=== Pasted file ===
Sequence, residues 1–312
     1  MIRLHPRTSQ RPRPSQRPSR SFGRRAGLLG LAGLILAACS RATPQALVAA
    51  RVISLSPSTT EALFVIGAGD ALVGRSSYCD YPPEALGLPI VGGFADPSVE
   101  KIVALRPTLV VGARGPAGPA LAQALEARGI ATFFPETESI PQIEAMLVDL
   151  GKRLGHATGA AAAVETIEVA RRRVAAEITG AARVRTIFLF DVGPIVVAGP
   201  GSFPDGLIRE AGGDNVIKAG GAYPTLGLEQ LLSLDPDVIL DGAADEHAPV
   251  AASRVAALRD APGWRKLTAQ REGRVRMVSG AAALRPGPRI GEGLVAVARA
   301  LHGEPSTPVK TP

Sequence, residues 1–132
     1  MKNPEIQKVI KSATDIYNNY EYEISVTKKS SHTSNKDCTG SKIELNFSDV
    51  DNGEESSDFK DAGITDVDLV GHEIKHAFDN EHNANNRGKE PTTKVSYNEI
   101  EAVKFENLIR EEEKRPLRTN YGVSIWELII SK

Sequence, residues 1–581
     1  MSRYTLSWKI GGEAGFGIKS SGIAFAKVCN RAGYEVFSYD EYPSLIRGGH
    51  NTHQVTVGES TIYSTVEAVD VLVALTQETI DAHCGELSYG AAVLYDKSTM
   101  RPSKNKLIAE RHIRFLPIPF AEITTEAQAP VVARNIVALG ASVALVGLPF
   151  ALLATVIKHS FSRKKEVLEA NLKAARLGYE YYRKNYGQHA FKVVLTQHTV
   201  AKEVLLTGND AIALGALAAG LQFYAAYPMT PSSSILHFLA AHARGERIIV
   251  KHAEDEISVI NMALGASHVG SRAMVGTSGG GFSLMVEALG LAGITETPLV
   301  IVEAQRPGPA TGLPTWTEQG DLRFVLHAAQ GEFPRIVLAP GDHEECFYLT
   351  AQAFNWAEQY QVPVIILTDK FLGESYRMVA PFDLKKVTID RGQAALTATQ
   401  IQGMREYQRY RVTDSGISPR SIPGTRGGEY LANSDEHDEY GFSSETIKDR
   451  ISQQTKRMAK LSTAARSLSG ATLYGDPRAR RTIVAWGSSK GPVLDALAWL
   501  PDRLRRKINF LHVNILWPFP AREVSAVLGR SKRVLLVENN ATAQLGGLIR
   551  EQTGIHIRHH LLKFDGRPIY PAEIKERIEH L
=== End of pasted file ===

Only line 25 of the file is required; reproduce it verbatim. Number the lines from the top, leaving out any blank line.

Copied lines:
   551  EQTGIHIRHH LLKFDGRPIY PAEIKERIEH L